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Ruth Shaw’s hobbit-type hobby, a tiny bookshop next to her house in Manapōuri. Photo/Mike White

Inside Manapōuri’s cool little bookshop

At the edge of Fiordland National Park is a tiny little store.

Opening a bookshop these days is a brave move, many would tell you. But then, Ruth Shaw’s 45° South and Below bookshop in Manapōuri is only small. Really small. So small that it didn’t need a building consent (under 10m2), and so small Shaw sometimes finds herself having to sit outside while visitors browse the shelves, because there’s not enough room. But big enough to hold 700 new and used books, specialising in southern New Zealand, the subantarctic islands, and nautical and natural history.

Shaw and husband Lance used to run a charter boat, Breaksea Girl, in Fiordland and further south, and Shaw had a small shop in their office so customers could buy books about what they’d seen. When they sold their tourism business and the boat, she missed dealing with books and book-lovers. “So Lance said, ‘For goodness sake, love, just get something built and open it.’”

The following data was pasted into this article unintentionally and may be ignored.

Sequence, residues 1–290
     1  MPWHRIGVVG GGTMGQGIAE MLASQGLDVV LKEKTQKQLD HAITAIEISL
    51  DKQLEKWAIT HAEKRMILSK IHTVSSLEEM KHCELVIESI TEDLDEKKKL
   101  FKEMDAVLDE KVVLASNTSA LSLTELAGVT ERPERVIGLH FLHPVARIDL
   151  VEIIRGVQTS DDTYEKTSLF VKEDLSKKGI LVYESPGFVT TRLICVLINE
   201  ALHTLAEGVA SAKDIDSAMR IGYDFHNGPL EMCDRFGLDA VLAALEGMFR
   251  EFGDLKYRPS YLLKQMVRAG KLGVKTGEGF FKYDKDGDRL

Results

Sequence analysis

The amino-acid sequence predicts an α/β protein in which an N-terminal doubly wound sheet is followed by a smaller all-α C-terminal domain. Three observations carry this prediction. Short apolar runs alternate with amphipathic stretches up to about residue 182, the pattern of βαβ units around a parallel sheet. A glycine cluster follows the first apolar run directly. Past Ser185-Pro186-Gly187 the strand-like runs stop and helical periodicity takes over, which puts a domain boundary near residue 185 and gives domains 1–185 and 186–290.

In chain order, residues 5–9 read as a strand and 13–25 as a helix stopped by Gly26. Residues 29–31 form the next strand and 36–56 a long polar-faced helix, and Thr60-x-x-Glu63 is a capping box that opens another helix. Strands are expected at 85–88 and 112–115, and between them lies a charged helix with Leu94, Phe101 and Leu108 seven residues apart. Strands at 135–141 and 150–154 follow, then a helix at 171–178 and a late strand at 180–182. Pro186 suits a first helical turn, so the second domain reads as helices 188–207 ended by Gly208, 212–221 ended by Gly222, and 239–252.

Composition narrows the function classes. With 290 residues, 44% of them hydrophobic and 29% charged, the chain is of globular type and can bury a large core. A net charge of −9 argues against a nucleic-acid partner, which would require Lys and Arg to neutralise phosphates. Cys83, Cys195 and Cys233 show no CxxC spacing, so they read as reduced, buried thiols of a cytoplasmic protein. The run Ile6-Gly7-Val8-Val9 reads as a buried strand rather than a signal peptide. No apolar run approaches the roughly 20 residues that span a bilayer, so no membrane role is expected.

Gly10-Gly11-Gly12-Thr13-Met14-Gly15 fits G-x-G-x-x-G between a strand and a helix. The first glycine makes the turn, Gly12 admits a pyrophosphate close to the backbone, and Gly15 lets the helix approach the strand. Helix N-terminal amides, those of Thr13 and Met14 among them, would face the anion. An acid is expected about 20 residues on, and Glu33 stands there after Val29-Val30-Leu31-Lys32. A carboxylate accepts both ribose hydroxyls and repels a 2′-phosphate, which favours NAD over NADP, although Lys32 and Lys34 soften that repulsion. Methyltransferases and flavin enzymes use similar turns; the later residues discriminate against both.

The couple had a space next to their house that was perfect, and Shaw designed the shop to have a hobbit-type feel to it. She officially opens from September to Easter, but anyone can ring the bell – saved from Breaksea Girl – and she’ll pop over. The books largely reflect her love of New Zealand’s far south, and the environment she’s fought hard for decades to preserve. But there are two shelves of lighter “holiday reading”, the proceeds of which she gives to the Blind Foundation and Te Ānau’s hospice. “It’s only a hobby, so I don’t need to make money.”

The bookshop doesn't take up much space at 10m2. Photo/Mike White

To that end, Shaw also pots up native seedlings from the bush at the back of their property, and puts them out for passersby to help themselves. And she’s just added another tiny hut, with a metre-high door, full of books and toys and games for children whose parents are browsing in the other bookshop. Travellers can even borrow children’s books or toys overnight while they’re in Manapōuri, returning them before they leave – a “sleepover library”, as she calls it.

This may well be New Zealand’s smallest bookshop, but Shaw says the size suits her perfectly. “And when I finish, they can just pick up this little cottage because it came on the back of a trailer.” 

Related articles: Saving Manapōuri: The campaign that changed a nation | A former masonic lodge in Southland is transformed | A Southern man goes for gold in Garston growing hops

This article was first published in the November 2019 issue of North & South. Follow North & South on Twitter, Facebook, Instagram and sign up to the fortnightly email for more great stories.